Wave Exsector

Dissect stereo input signals into crest & body and positive & negative producing 4 segmentations per channel with an adjustable/modulatable dissector threshold control. Manipulate each partition and reunite the parts into a recombinant whole, use each part individually for different modulation tasks with group identity, or use any combination of target slices as distorted versions of their former selves. Even without further processing, the CV-controllable onboard gain controls per segment per channel can reshape incoming signals to great effect and the master output reassembles the parts (with a silver invertible blend knob for including the original signal in either phase) for convenience.

Carry mode controls offer various dissection methods and can be controlled with a single CV jack. As a wave is processed, it is diverted to one of four jacks - lower & upper positive outputs and lower & upper negative outputs. With the large carry mode button on, the signal is not zeroed in between such diversions such that reassembled waves are summed incorrectly, while offering something interesting. The second, smaller carry mode button offers a secondary partitioning method, where a crest is split into two body and crest portions (rather than the whole cresting wave coming out of a single jack), producing the same reconstructed original signal when left unaffected, but allowing for different results when manipulated.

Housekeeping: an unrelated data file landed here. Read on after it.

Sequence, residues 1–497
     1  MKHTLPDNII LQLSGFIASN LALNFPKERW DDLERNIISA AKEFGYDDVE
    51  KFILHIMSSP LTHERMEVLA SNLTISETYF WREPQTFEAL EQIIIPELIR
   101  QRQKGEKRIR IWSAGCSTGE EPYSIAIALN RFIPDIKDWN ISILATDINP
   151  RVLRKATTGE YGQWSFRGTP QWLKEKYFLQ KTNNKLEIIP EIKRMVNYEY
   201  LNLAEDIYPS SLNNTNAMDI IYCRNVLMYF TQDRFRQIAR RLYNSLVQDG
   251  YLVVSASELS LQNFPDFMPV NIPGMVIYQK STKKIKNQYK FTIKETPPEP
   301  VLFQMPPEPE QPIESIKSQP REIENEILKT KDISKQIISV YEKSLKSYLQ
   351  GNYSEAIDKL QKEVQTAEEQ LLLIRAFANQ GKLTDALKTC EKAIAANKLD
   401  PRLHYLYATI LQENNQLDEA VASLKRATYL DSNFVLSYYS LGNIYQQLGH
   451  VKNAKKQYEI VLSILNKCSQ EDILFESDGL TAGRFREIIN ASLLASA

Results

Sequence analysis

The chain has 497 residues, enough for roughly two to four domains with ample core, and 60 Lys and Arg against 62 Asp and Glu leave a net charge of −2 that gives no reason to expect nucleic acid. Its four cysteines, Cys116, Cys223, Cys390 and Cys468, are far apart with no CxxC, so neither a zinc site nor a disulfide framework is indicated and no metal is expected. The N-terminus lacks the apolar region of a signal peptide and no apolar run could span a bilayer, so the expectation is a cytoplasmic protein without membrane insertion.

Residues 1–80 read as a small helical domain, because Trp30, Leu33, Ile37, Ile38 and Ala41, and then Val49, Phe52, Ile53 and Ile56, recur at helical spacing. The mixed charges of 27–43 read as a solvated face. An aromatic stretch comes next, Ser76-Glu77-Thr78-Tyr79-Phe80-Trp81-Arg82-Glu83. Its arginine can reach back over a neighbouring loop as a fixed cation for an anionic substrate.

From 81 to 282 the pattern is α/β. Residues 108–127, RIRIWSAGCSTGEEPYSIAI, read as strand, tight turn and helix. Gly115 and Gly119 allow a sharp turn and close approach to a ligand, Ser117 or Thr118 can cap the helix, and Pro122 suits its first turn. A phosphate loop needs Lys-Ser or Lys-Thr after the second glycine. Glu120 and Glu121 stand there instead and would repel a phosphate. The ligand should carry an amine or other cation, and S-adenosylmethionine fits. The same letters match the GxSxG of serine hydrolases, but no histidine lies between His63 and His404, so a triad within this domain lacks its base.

For stereo convenience, a propagate button carries knob movements from channel one to channel 2. After propagating values, minor adjustments to the second channel can produce interesting stereo results. Individual partitioned outputs can be looped back into the input or cross to the other input or used to modulate thresholds and gains of either channel, resulting in complex and dynamic behaviors. An on/off switch cuts the processed signal from the master outputs leaving any amount of original signal that was specified by the master blend knob (silver, top).

The Wave Exsector does great work making oscillators more individualistic, chaos-prone, or nuanced, it offers possibilities for atypical modulation behaviors, it can split arpeggiation to multiple destinations, and it opens up opportunities for subtle to inventive mix tricks.